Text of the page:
A wee bit of tweed

breezy-2I’ve had this on the needles since the beginning of January. It’s another Breezy Cardigan out of Rowan Felted Tweed in the color Watery. I love my first Breezy and wear it often. Zooey also loves it because she often likes to be wrapped in my cardigans when possible. She says, “I wanna get in your sweater.” Of course that means I should make more sweaters I can wrap around her. breezy My gauge is modified to be more like 5 sts to the inch. This yarn is a bit heavier than fingering weight, so I just altered the math a little. Lately that hasn’t been working in my favor for projects, yet I refuse to stop! This pregnancy brain won’t get the best of me yet.

I’m loving having several things on the needles. I have this, the Smithfield, some socks, and Z’s little Antler Cardigan, which will likely be finished or close to it by the time the buttons arrive on Monday. I’ve really been talking up those dinosaur buttons to Z, so I hope they deliver!

A little sunshine in the winter

Zooey has not been a fan of cardigans lately. The Peachick Eyes Cardigan was the last one I made her, and I’ve never even gotten her to put it on. I’m attempting another one, which may be foolish, but I’m still hopeful. This time I ordered some excellent dinosaur buttons because she likes dinosaurs. She also seems to like orange, so I’m putting some Cascade 220 Superwash Sunshine Heather that’s been in my stash to use: sunshine sleevesI’m making an Antler Cardigan. I’m making the 2-4 year old size and will likely add a couple of inches of length to the body. I love the look of this sweater and I’m keeping my fingers crossed that Z will enjoy it too. She’s been interested in learning how to work buttons lately, so that gives me hope as well. If all else fails, I can try to make her future little sister wear it someday.

Selfish Smithfield

smithfieldAfter my brief Smithfield snafu, things are back on track. I’m several inches past the armhole separation and enjoying this as a semi-autopilot project. It has been rhythmic enough to read to and it kept me company through much of The Rosie Effect (which I loved). It has also been an excellent companion to The Wire, which has become an addiction since I discovered it was available to stream on Amazon Prime.

I’m making some minor changes. I decided to do a slightly larger gauge (16 sts over 4″ rather than 18 sts over 4″) by going up a needle size. I’m making the second size, which would be 37.25″ at the specified gauge, but at this gauge will be closer to 41″ for the chest. I’m adding a tad bit of waist shaping, going down about 1.5″ total, or maybe 2″ (I haven’t decided), by decreasing at the edge of the side ribbing in the back every 3/4″ or so about 4″ below the armpits.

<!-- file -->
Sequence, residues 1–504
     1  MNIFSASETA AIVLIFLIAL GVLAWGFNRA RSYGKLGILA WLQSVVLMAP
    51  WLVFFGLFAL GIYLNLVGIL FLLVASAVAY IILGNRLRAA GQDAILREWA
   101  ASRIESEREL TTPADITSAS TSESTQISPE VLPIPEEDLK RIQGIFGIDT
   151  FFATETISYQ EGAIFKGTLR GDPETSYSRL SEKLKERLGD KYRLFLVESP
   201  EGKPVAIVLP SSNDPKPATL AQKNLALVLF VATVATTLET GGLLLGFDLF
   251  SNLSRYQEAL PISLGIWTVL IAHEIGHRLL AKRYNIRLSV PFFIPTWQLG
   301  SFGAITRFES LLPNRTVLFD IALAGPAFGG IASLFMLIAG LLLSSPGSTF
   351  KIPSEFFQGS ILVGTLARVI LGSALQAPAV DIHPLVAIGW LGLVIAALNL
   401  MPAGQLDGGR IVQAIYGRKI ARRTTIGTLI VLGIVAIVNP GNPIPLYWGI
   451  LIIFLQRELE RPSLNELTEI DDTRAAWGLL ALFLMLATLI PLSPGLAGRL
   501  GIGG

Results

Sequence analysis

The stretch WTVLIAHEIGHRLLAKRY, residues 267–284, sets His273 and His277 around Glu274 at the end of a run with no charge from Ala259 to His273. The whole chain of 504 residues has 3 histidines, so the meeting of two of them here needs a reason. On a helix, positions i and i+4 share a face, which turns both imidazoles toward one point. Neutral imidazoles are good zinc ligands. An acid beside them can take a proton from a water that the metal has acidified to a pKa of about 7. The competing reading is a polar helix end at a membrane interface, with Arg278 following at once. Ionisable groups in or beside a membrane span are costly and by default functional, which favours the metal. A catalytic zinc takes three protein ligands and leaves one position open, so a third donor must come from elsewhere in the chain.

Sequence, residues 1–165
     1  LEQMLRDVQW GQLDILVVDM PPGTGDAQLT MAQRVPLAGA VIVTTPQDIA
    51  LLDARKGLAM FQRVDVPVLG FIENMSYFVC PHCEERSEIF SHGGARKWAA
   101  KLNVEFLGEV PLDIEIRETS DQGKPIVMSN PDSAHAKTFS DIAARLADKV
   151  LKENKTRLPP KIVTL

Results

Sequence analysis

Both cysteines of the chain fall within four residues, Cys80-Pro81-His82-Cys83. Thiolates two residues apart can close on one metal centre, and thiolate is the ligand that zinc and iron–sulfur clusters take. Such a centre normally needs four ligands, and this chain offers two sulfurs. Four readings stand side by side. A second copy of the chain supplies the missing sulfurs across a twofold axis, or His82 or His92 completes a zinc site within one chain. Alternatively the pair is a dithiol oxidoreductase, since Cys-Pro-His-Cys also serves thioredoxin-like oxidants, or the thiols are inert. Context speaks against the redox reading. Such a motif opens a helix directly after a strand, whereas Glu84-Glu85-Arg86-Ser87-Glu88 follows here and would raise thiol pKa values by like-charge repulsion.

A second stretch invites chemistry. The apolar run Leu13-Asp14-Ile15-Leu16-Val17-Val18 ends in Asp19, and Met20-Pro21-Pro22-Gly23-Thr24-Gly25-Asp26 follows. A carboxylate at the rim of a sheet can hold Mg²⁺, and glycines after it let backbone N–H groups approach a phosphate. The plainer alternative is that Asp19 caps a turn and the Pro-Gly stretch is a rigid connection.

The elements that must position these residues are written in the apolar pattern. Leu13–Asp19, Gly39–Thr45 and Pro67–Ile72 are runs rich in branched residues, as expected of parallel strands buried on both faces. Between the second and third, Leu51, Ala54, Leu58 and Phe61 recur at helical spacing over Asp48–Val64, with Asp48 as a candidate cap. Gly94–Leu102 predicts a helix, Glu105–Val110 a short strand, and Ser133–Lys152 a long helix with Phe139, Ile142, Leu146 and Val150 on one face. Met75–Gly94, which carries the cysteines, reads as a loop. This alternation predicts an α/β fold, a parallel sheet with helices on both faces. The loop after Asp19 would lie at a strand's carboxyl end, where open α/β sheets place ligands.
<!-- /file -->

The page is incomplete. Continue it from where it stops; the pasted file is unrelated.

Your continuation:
The larger gauge is the result of laziness. I feel like I’ll get the results I want faster this way, and I like the way it looks, so why not. The waist shaping will do nothing for me in my current pregnant state, but one day when I have a waist again, it might be flattering. I used to get more hung up on the size I was making, thinking something had to be close to my bust size for me to feel like it would be an attractive garment. It turns out that my favorite sweater, ever, is an Oshima I made, which is about 40″ in the chest. I also tried to imitate that collar for this sweater, but it’s not quite as loose and cowl-like as I want so far. I will see if blocking and some pinning while blocking make this neckline into the magical unicorn of necklines I want it to be, or maybe I’ll rip that part out and knit it with a different stitch or looser gauge.

The selfish knitting continues.

Gut feelings

Sometimes you ignore the nagging feeling that something isn’t right with a project and maybe 30 rows or so later you actually check your work. Sigh. I have been working on a Smithfield pullover the last few days. I kept thinking the shoulders looked a little narrow yesterday, but the finished pic in the pattern looked so great, so I just trusted everything was ok. Well, the pattern is correct. My brain just overlooked one line that instructed me to repeat a couple of rows four more times. I just merrily moved onto the next set of repeats, not even bothering to count my total stitches because I was feeling confident. So today when I figured it out, this:smithfield mistake-2became this: smithfield mistake-3Ugh. At least I figured it out before I completed the third set of increase repeats. It could be worse. I’m blaming pregnancy brain for this one, as well as the recent debacles with Matt’s sweater (which will be photographed soon).